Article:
A genome-wide association study of men with symptoms of testicular dysgenesis syndrome and its network biology interpretation
Research output: Contribution to journal › Article
Background Testicular dysgenesis syndrome (TDS) is a common disease that links testicular germ cell cancer, cryptorchidism and some cases of hypospadias and male infertility with impaired development of the testis. The incidence of these disorders has increased over the last few decades, and testicular cancer now affects 1% of the Danish and Norwegian male population. Methods To identify genetic variants that span the four TDS phenotypes, the authors performed a genome-wide association study (GWAS) using Affymetrix Human SNP Array 6.0 to screen 488 patients with symptoms of TDS and 439 selected controls with excellent reproductive health. Furthermore, they developed a novel integrative method that combines GWAS data with other TDS-relevant data types and identified additional TDS markers. The most significant findings were replicated in an independent cohort of 671 Nordic men. Results Markers located in the region of TGFBR3 and BMP7 showed association with all TDS phenotypes in both the discovery and replication cohorts. An immunohistochemistry investigation confirmed the presence of transforming growth factor beta receptor type III (TGFBR3) in peritubular and Leydig cells, in both fetal and adult testis. Single-nucleotide polymorphisms in the KITLG gene showed significant associations, but only with testicular cancer. Conclusions The association of single-nucleotide polymorphisms in the TGFBR3 and BMP7 genes, which belong to the transforming growth factor b signalling pathway, suggests a role for this pathway in the pathogenesis of TDS. Integrating data from multiple layers can highlight findings in GWAS that are biologically relevant despite having border significance at currently accepted statistical levels.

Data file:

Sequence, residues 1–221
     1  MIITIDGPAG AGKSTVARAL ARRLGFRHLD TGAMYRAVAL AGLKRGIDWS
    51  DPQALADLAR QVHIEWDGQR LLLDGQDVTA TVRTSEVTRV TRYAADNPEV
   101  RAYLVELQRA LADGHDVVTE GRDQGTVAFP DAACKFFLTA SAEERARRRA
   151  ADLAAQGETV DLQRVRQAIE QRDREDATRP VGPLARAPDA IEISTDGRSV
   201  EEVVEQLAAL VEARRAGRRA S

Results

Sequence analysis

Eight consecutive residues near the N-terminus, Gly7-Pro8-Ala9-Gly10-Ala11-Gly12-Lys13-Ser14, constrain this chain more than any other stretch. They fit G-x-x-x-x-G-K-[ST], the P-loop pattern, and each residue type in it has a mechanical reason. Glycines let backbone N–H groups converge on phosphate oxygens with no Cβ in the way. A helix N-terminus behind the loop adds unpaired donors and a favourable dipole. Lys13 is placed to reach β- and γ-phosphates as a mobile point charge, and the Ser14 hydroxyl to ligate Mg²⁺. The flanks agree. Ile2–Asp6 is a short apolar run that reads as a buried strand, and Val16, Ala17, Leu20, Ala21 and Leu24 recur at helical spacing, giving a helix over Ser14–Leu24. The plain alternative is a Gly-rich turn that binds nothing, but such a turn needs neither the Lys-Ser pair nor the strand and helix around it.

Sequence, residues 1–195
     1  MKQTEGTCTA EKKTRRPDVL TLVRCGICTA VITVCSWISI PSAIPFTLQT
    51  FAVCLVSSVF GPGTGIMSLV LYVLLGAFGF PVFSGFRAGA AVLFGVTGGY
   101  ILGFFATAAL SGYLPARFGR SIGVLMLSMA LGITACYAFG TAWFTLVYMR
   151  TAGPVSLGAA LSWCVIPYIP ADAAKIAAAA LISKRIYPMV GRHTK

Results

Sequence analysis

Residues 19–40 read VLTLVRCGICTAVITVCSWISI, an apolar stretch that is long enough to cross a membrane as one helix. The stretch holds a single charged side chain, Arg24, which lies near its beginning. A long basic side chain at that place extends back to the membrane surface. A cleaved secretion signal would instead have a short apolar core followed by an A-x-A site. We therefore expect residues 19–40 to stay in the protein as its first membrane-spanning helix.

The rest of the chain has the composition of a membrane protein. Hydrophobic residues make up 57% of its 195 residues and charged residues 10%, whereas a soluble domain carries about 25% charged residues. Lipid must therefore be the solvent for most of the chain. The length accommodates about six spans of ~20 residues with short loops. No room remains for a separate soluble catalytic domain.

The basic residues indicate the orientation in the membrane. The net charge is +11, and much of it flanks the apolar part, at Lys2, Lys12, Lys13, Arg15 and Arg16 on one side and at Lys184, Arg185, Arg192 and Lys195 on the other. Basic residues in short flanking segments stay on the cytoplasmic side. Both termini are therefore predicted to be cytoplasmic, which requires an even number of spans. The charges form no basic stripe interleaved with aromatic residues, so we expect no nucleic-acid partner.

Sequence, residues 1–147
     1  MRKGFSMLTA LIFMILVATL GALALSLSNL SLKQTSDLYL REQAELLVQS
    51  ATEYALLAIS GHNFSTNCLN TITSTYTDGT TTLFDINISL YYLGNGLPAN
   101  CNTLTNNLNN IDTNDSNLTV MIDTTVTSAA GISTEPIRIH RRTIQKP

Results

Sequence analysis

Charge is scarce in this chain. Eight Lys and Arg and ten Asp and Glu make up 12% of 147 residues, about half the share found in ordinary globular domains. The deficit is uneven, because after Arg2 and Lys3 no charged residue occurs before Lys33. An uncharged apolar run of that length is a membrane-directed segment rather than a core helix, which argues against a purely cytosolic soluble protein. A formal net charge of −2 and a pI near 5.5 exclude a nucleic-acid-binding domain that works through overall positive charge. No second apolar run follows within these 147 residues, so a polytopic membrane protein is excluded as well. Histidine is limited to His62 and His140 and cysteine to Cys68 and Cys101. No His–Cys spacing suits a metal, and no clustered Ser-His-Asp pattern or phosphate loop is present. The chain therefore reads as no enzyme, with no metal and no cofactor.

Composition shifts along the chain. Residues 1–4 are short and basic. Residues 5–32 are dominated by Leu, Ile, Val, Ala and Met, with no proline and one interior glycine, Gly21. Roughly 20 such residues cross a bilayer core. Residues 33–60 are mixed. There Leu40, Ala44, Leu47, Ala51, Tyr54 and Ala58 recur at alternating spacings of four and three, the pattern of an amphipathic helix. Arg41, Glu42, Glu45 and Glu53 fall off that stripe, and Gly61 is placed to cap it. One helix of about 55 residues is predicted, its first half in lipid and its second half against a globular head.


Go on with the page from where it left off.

|Research areas and keywords||
Subject classification (UKÄ) – MANDATORY
|Journal||Journal of Medical Genetics|
|Publication status||Published - 2012|